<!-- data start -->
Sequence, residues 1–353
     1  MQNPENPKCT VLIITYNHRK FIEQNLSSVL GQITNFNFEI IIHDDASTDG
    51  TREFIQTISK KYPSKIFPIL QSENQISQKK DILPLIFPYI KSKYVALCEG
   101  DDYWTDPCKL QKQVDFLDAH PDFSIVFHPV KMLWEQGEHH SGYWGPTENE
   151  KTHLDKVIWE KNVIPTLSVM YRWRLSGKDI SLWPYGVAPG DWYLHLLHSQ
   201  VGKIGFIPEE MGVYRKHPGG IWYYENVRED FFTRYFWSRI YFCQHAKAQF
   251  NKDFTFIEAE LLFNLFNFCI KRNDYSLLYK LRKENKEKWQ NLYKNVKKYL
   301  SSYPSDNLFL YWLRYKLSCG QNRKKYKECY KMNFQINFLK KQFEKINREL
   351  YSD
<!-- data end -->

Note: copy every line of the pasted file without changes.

Sequence, residues 1–353
     1  MQNPENPKCT VLIITYNHRK FIEQNLSSVL GQITNFNFEI IIHDDASTDG
    51  TREFIQTISK KYPSKIFPIL QSENQISQKK DILPLIFPYI KSKYVALCEG
   101  DDYWTDPCKL QKQVDFLDAH PDFSIVFHPV KMLWEQGEHH SGYWGPTENE
   151  KTHLDKVIWE KNVIPTLSVM YRWRLSGKDI SLWPYGVAPG DWYLHLLHSQ
   201  VGKIGFIPEE MGVYRKHPGG IWYYENVRED FFTRYFWSRI YFCQHAKAQF
   251  NKDFTFIEAE LLFNLFNFCI KRNDYSLLYK LRKENKEKWQ NLYKNVKKYL
   301  SSYPSDNLFL YWLRYKLSCG QNRKKYKECY KMNFQINFLK KQFEKINREL
   351  YSD